KHᾹRIJĪS are the "third party" in Islam, who anathematize both the majority Sunnīs and the Shīʿī partisans of ʿAlī. Although few in number today, the Khārijīs played a role of great importance in the history of Muslim theology and political theory.
Their origins lie in the agreement between the fourth caliph, ʿAlī, and his challenger, Muʿāwiyah, kinsman and avenger of the murdered third caliph, ʿUthmān, to submit their quarrel to arbitration, following the Battle of Ṣiffīn (ah 37/657 ce). A group of ʿAlī's followers, at first mostly from the Arab tribe of Tamīm, held that ʿAlī had, by agreeing to treat with rebels, committed a great sin and could no longer be considered a Muslim. They made an exodus (khurūj ) from his camp and collected at Ḥarūrāʾ near ʿAlī's capital of Kufa in Iraq: Hence Khārijīs ("those who went out") are sometimes referred to as Ḥarūrīyah. From the beginning they insisted on the equality of all Muslims regardless of race or tribe, "even if he be a black slave," and they found an important following among the non-Arab converts.
Despite all efforts, ʿAlī was unable to conciliate them. In the end he was forced by their raids and provocations to attack their headquarters on the Nahrawān canal (July 17, 658). This attack became more of a massacre than a battle, and it aroused sympathy for the Khārijīs. Within three years ʿAlī was murdered at the door of his mosque in Kufa by Ibn Muljam al-Murādī, a Khārijī seeking revenge for the slain of Nahrawān.
The intellectual center of Khārijī doctrine for the next century was the great Iraqi port of Basra, but then moved to North Africa. There Khārijī doctrine struck a responsive chord among the Berber tribes, and North Africa became the Scotland of these Muslim Puritans. Khārijī revolts making effective use of guerrilla tactics helped to weaken Muʿāwiyah's Umayyad dynasty before it was overthrown by the Abbasid revolution in 750. Their revolts continued under the early Abbasids, and the appellation khārijī came to mean "rebel."
Being from the first people who could not compromise, the Khārijīs quickly separated into sects: Muslim heresiographers list more than twenty. Each sect usually elected an imam, a "commander of the faithful," and regarded itself as the only true Islamic community. Basic to Khārijī doctrine are the tenets that a Muslim who commits a major sin has apostatized, and the shedding of his blood is lawful; that any pious Muslim is eligible to become an imam; and that if he sins or fails to be just, he may be deposed. Non-Khārijī Muslims were regarded as either polytheists or infidels. Jews or Christians who accepted Khārijī rule were, however, scrupulously protected. Khārijīs who sought death in jihād (religious war) against other Muslims were considered shurāt, or "vendors" (of this world for paradise).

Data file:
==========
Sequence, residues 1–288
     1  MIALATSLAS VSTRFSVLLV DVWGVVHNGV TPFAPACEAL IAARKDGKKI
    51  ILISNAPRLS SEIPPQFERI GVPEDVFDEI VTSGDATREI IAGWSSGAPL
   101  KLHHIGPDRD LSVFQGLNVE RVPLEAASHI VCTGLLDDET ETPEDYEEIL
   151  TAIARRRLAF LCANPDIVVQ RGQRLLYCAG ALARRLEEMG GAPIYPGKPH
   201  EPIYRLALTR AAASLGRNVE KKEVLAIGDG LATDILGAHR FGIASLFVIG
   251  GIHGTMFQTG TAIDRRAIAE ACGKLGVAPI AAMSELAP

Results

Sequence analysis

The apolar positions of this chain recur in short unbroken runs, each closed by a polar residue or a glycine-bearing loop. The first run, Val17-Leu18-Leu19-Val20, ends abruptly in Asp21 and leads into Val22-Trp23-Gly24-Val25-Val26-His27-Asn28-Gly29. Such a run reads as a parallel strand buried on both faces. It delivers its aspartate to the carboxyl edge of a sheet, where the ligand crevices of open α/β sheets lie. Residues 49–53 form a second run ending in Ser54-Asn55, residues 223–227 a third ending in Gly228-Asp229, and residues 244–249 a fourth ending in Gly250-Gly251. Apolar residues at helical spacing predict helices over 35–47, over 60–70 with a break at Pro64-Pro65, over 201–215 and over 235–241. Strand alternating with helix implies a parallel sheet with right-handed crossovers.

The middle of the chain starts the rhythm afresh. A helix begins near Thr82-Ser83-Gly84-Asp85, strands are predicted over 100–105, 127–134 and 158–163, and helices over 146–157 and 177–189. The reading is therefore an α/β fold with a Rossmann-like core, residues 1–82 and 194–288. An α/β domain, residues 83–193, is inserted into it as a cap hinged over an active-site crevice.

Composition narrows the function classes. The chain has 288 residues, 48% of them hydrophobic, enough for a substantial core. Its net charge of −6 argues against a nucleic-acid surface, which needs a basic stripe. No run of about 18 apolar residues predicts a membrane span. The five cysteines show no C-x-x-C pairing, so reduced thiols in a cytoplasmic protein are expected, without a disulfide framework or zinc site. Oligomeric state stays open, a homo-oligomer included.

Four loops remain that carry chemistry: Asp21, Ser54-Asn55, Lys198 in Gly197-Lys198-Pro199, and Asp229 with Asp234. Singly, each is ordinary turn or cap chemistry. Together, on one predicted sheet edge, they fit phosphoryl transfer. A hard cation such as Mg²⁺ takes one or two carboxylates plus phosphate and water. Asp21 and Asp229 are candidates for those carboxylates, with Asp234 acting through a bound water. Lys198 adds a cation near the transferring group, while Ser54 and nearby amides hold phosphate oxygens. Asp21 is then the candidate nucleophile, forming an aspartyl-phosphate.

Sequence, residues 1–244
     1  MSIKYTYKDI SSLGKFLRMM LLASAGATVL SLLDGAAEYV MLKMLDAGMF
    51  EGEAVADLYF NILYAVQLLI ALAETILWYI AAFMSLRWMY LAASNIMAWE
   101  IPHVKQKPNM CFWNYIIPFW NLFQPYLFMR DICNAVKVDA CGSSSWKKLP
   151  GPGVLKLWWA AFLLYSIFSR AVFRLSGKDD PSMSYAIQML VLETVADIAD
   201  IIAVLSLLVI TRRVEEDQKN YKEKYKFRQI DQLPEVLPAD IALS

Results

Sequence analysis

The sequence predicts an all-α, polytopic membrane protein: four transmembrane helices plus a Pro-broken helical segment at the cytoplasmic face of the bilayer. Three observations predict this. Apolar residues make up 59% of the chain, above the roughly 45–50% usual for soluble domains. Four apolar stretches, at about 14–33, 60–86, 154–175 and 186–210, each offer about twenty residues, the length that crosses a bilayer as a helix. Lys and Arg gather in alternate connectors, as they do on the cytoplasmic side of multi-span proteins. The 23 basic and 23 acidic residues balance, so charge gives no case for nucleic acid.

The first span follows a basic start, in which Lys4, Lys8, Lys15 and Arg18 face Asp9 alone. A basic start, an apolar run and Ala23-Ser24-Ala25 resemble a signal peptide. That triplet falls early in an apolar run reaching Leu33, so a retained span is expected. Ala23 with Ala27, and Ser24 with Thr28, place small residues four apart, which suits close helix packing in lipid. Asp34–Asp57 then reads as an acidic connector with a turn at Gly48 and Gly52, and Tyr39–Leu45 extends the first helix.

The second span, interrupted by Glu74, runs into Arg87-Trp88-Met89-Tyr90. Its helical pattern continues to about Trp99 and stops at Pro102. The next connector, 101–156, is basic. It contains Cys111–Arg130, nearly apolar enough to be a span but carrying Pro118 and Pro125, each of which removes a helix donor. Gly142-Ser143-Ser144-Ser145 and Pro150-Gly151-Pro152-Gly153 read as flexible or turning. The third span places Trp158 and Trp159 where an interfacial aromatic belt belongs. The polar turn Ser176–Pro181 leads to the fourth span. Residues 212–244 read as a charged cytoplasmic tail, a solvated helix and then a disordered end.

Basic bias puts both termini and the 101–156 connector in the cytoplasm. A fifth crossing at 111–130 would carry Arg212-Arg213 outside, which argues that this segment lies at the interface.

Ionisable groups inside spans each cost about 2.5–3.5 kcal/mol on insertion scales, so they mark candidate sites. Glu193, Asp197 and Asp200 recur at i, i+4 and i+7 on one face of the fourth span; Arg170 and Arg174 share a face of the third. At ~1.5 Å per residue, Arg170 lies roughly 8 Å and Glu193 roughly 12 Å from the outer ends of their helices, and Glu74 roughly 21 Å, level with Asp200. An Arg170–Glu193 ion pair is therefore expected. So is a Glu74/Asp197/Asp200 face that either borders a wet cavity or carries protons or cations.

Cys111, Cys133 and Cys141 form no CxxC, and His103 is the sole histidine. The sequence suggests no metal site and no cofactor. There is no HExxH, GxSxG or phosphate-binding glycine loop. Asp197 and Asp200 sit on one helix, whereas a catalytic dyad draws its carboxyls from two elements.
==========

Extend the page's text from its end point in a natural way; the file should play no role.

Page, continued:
The principal sects were the Azāriqah, the Ṣufrīyah, and the Ibāḍīyah. The Azāriqah probably took their name from Nāfiʿ ibn al-Azraq, son of a former Greek slave and blacksmith. They excluded from Islam all those who were content to coexist peacefully with non-Khārijī Muslims or who believed in taqīyah, dissimulation of their true beliefs, and all who would not make the hijrah, or emigration, to join them. They practiced istiʿrāḍ, or "review" of the beliefs of their opponents, putting to death those who failed to pass their catechism, often including women and children, and held that infants of "polytheists" went to hell with their parents. They maintained that even a prophet was not immune from sin, and hence from final infidelity; that menstruating women should still pray and fast; that a thief's "hand" should be cut off at the shoulder; and that it was not lawful to stone adulterers, because this punishment is not prescribed in the Qurʾān. They broke with the other Khārijīs of Basra in 684 and left the city to conduct a terrible civil war in the southern provinces of Iraq and Iran. This was led by Zubayr ibn Māhūz until 688, then by Qaṭaī ibn Fujāʾah until their final defeat in 699. Qaṭaī was one of a series of gifted Arab Khārijī poets.
The Ṣufrīyah are said to have originated among the followers of ʿAbd Allāh ibn Ṣaffār al-Tamīmī. They believed that peaceful coexistence with other Muslims was legally permissible; unlike the Azāriqah they did not practice istiʿrāḍ, and unlike the Ibāḍīyah they held that non-Khārijī Muslims were polytheists rather than merely infidels. They emerged as an active sect in 695 and found an enthusiastic following among the Arab tribes of the upper Euphrates Valley. Under a series of fierce leaders they made their own bid for supreme power in the troubled events at the close of the Umayyad caliphate. From 745 to 751 they fought in Iraq, then Fārs, then Kishm Island, and finally in Oman, where their imam was slain by an Ibāḍī imam. The sect's activities then moved chiefly to North Africa, where it had found Berber adherents after 735. Berber Ṣufrīyah captured the important caravan city of Sijilmāsah in southern Morocco in 770 under an imam named Abū Qurrah. Like many other Khārijīs they were active traders. They maintained an imamate for about a century but at last seem to have been converted to the Ibāḍīyah and to Sunnism.